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Birds: Do They Matter?

Updated: Feb 9, 2021

Ruth Sheets, FPUPC Earth Stewards Committee

You may have seen the recent scientific study that revealed severe bird declines. There are now 3 billion fewer birds in North America than we had just 50 years ago. The Audubon website claims two-thirds of our bird species are at risk from climate change. This is a problem because birds are part of our world and should not be under such distress!

The Audubon website gathered responses to the question why birds matter. You can find the answers at, but here are a few reasons to get you started thinking about the importance of birds, and why we should take steps to protect them.

Birds are important because they keep systems in balance: they pollinate plants, disperse seeds, scavenge carcasses and recycle nutrients back into the earth. But they also feed our spirits, marking for us the passage of the seasons, moving us to create art and poetry, inspiring us to flight and reminding us that we are not only on, but of, this earth.

—Melanie Driscoll, Director of bird conservation for the Gulf of Mexico and the Mississippi Flyway

Birds matter because they are beautiful to watch and to hear and because they make my heart soar with joy and gratitude of the abundance and diversity of God’s universe.

—Dianne Lawson, Topeka Audubon Society Birds inspire us to reach for greater heights in life. No wonder the Bible urges us to “mount up with wings like eagles” in order to renew our strength. (Isaiah 40:31)

—Neil Weatherhogg, Topeka Audubon Society and Audubon of Kansas


Join the Great Backyard Bird Count!

One of my favorite things to do in the middle of winter is to feed and watch the birds. Every February, for a few years now, I have participated in the Great Backyard Bird Count (GBBC). This year it runs from February 12 – 15th. Find out more at You (or your family team) can create an account to record your bird sightings at Each day of the GBBC I try to spend 30 minutes sitting by my window watching the birds that come to my feeder, and record the results. It is fun to see what others in my town and state are recording each day. It is fun to see birds that I usually don’t get to see because I am usually too busy to notice. I’m told that it is fun for all ages! People from all over the world participate. Consider joining the GBBC this year. You may be surprised of the diversity of birds that are right in your backyard! If you prefer, you can also go for a walk and record birds you see. If you can’t manage it every day of the official GBBC timeframe, that is fine. Just do what works for you.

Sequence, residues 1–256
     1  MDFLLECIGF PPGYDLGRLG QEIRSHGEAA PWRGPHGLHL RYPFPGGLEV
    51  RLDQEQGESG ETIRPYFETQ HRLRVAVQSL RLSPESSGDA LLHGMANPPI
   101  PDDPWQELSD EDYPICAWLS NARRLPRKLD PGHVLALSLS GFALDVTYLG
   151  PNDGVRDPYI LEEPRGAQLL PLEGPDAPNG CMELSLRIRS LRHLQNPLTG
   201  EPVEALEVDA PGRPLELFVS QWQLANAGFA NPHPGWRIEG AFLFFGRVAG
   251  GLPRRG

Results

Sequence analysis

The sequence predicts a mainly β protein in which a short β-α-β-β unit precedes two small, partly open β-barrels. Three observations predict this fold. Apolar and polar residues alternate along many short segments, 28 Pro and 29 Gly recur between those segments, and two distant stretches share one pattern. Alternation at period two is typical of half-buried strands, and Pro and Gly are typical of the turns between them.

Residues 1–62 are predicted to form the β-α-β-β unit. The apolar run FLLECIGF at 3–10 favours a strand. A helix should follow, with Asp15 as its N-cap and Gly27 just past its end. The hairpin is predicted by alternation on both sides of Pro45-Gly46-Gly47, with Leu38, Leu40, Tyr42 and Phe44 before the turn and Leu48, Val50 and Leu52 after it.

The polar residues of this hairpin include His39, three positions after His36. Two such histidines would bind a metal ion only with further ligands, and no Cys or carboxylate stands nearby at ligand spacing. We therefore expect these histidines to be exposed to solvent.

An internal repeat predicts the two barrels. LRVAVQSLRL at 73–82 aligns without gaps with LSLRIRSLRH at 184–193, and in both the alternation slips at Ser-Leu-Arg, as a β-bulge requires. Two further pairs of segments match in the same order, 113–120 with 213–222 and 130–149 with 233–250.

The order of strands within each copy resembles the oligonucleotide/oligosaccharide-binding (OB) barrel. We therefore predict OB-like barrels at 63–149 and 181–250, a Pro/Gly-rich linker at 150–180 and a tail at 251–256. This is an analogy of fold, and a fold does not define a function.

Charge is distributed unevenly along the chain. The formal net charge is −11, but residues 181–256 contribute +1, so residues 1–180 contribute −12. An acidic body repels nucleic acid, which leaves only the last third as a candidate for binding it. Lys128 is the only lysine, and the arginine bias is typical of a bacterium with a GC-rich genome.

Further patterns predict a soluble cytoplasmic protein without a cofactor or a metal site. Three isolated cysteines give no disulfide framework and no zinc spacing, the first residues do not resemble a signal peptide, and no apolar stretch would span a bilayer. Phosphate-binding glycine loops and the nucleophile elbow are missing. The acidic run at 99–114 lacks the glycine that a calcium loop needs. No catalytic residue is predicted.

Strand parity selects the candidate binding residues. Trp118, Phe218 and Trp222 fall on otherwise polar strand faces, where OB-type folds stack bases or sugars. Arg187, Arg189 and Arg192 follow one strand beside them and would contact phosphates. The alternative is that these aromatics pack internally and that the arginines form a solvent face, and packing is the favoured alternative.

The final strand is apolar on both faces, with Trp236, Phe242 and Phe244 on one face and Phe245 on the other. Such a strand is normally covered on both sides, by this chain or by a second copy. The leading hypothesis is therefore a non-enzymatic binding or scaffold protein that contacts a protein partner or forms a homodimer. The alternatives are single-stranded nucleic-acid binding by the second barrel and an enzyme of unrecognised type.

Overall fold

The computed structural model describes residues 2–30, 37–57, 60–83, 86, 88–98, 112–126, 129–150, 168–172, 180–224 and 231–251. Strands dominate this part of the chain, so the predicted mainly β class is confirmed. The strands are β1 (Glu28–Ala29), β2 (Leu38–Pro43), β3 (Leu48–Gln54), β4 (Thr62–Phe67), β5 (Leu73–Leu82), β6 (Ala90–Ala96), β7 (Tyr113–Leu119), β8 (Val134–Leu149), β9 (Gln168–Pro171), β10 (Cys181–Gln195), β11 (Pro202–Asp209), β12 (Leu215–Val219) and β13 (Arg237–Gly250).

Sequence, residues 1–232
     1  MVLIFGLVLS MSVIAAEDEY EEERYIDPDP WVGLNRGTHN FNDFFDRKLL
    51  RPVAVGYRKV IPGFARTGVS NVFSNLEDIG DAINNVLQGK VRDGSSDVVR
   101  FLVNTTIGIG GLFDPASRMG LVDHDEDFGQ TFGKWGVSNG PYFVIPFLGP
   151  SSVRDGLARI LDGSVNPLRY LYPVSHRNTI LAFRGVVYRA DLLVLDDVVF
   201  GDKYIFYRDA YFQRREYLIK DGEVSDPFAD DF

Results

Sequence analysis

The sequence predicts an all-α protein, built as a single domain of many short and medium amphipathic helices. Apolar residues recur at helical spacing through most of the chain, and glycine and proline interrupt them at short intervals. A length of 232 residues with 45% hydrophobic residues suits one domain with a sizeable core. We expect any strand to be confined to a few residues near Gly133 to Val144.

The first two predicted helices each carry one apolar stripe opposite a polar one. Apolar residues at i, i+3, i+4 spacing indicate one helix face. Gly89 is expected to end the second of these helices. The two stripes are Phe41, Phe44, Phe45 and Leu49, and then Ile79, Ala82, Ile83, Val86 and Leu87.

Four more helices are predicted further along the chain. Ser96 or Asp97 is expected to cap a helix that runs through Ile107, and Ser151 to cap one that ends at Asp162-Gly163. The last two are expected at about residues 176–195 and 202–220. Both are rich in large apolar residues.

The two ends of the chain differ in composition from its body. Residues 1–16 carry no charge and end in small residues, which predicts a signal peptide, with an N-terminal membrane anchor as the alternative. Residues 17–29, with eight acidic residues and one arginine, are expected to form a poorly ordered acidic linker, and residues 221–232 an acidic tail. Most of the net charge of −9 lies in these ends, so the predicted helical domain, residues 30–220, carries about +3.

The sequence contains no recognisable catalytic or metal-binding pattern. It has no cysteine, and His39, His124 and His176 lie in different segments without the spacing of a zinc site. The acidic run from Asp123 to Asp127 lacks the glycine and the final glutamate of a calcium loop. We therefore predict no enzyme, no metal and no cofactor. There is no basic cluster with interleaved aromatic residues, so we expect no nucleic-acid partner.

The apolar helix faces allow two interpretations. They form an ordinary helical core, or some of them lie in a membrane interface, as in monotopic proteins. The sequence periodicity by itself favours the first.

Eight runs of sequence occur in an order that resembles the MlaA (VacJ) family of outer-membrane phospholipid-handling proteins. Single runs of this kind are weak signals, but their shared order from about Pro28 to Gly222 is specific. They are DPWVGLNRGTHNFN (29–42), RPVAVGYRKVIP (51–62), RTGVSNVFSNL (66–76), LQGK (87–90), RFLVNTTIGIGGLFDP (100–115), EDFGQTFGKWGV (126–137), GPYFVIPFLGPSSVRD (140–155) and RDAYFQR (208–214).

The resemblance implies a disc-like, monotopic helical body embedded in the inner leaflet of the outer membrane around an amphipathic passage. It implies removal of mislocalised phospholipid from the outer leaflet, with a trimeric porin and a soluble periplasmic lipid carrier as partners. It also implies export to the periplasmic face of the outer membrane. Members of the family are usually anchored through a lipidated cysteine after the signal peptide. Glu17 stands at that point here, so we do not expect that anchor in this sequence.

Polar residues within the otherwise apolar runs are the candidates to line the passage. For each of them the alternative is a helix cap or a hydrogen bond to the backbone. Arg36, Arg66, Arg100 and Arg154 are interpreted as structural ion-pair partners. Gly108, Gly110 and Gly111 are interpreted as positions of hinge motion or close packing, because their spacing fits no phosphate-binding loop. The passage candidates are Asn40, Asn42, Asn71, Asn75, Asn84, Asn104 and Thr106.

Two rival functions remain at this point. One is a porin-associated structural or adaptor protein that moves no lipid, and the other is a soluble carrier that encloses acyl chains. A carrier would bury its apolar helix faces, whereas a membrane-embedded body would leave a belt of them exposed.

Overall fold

What can you do to help the birds?

There are many ways to help the birds. I like to feed them in winter, but some other ideas include keeping your cats indoors, drinking shade-grown coffee, gardening with native plants, and using less plastic. Read more about these and other suggestions at

Another impactful way to aid birds is to support legislation that helps birds. Email your US Representative to support the Migratory Bird Protection Act.

Ask your Senator or Representative to please be an original co-sponsor of the Migratory Bird Protection Act (H.R.5552 in the 116th Congress), to be introduced by Rep. Alan Lowenthal, to ensure that incidental harm to birds is again covered under the MBTA and create a much-needed permitting system to reduce preventable bird mortality from industrial and governmental developments, encouraging mitigation.

You can sign the petition at the American Bird Conservancy website: If you are squeamish about signing online, you can view or copy their letter to serve as a basis for your own letter or email to your US Representative or Senator. The important thing is to speak up for the birds! They have always helped us, and now they need us to help them.

Ruth Sheets Earth Stewards Committee Image Credit: Royalty Free Photo of Northern Flicker: Photo 139333554 © Gregory Johnston |

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1 Comment

Gary Clendennen
Gary Clendennen
Feb 05, 2021

Decades ago, when I was a beginning birder, I read that if all of the birds on earth died at once, after two weeks we would all be 6 feet deep in insects. That may hold no longer, but there is cogency to this idea.

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